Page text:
Report: Abu Dhabi

In recent weeks, the markets have wound themselves up into a frenzy of speculation that Abu Dhabi would not provide resources to assist Dubai
By None

The United Arab Emirates – The clue is in the nameby Francis Beddington, Head of Research, Insparo Asset Management

In recent weeks, the markets have wound themselves up into a frenzy of speculation that Abu Dhabi would not provide resources to assist Dubai with its heavy debt burden. This speculation started when Abu Dhabi organized a capital injection into five Abu Dhabi banks, but neglected to put money into any Dubai institutions.

This led to what we feel was a lot of highly ill-informed conjecture that Abu Dhabi would not stand behind Dubai, thereby forcing Dubai entities to default. The result of this was sharp sell-offs in a number of Dubai assets, with the Nakheel 09 bond falling by 20 points at one stage.

On the 23rd of February, Dubai announced a USD20 billion bond issue, the first USD10 billion of which was immediately subscribed to by the Central Bank of the UAE. This show of support led to sharp rallies in some assets, but throughout the GCC asset prices and CDS spreads have remained under pressure as speculation continues that, because it was a federal institution that provided support, Abu Dhabi has not explicitly decided to support Dubai.

It has always been our view that Abu Dhabi will stand behind Dubai. The United Arab Emirates is not merely a name, but is a statement of political and economic reality. The individual emirates will continue to function with a high degree of autonomy and may even be rivals in some senses; however the whole is greater than the sum of the parts. It is a mistake to view the UAE as a collection of sovereign nations like the European Union. In this context Abu Dhabis support of Dubai was and remains, in our opinion, inevitable:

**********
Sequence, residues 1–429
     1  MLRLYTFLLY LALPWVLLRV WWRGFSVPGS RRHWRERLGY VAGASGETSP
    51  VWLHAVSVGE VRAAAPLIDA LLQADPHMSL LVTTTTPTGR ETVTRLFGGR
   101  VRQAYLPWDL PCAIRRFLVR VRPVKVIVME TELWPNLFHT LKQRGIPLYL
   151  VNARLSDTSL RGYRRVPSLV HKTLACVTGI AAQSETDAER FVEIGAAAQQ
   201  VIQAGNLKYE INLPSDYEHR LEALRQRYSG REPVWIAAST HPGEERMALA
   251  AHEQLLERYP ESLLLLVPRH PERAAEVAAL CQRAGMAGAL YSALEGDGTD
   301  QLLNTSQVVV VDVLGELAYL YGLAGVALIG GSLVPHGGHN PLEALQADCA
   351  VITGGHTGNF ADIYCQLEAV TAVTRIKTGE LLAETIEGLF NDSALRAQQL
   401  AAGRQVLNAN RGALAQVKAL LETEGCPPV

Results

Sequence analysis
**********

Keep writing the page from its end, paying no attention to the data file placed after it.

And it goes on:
Firstly, whilst Abu Dhabi and Dubai are separate Emirates the level of economic integration is very high, particularly in the banking and real estate sectors. This is demonstrated by the decision to move the issues regarding the troubled Dubai residential mortgage companies Tamweel and Amlak to a federal level. The collapse of Dubai would cause huge economic damage to Abu Dhabi and visa versa.

Secondly, a failure of Abu Dhabi to assist Dubai would in an all likelihood result in the collapse of the UAE as a political entity. As things stand, the President of the UAE is the ruler of Abu Dhabi. The Vice-President and Prime Minister is the ruler of Dubai. A conflict between the heads of the state would hugely undermine the political stability of the region. Further still, the collapse of the UAE would cause significant problems with the GCC, and would come at a time when greater economic and political integration, including the establishment of a single currency, is on the agenda. The other GCC states, including Saudi Arabia, would be actively opposed to a collapse of the UAE.

And finally, the collapse of the UAE would have serious geopolitical implications, especially for the US Government. General Peter Pace, the Head of the Joint Chiefs of Staff, has been quoted as saying the military to military relationship with the United Arab Emirates is superb. Equally, General Tommy Franks, when describing the relationship with the UAE, told the US Congress we have no greater ally in the Middle East in seeking a resolution of the problems in the Middle East.

Given the damage that the collapse of Dubai would do to Abu Dhabi and the UAE as a whole, which is not in the geopolitical interests of regional and global powers, we are supremely confident that Abu Dhabi would and will continue to support Dubai. Not every individual company in Dubai or Abu Dhabi will survive, but due to the support that each emirate can draw from its siblings, we can be sure that the UAE will.

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